The purpose of this study was to examine reciprocal associations between identity processes (commitment, in-depth exploration, and reconsideration of commitment) and dimensions (support, negative interaction, and power) of maternal, paternal, and sibling relationships. A total of 497 Dutch families including 14-years-old adolescents (56.9% males), their fathers, mothers, and siblings, for a total of 1,988 respondents, participated in a five-wave longitudinal study. Cross-lagged analyses indicated that commitment and in-depth exploration predicted improvements in family relationships (unidirectional effects), whereas reconsideration of commitment was predicted by low levels of maternal support and worsened the quality of the paternal relationship (reciprocal effects). These results were not moderated by adolescents' gender and sibling characteristics. Theoretical and practical implications are discussed.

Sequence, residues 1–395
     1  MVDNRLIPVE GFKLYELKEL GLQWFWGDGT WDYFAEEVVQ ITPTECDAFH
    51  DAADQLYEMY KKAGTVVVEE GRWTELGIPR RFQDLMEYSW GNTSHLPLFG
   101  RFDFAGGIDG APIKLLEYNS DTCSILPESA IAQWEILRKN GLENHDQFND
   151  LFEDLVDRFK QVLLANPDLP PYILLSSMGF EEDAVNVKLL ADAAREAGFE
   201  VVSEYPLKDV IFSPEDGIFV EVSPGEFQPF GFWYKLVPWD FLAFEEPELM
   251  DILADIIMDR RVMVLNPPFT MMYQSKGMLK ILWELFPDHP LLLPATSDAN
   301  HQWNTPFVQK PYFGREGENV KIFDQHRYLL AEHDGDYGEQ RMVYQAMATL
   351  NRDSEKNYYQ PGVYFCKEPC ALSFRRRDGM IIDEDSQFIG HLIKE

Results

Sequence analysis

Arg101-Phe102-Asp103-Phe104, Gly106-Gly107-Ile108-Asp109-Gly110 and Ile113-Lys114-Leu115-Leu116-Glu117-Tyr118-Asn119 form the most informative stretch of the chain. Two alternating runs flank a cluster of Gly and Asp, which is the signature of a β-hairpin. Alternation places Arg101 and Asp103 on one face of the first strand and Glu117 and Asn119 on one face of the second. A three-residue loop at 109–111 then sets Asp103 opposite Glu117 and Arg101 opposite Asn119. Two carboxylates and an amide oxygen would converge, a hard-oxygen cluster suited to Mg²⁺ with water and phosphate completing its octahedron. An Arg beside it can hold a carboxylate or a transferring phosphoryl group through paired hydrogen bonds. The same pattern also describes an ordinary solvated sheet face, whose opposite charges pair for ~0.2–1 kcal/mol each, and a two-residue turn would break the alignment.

Crocetti, E., Branje , S., Rubini, M., Koot , H., & Meeus, W. H. J. (2017). Identity processes and parent-child and sibling relationships in adolescence: A five-wave multi-informant longitudinal study. Child Development, 88(1), 210-228. https://doi.org/10.1111/cdev.12547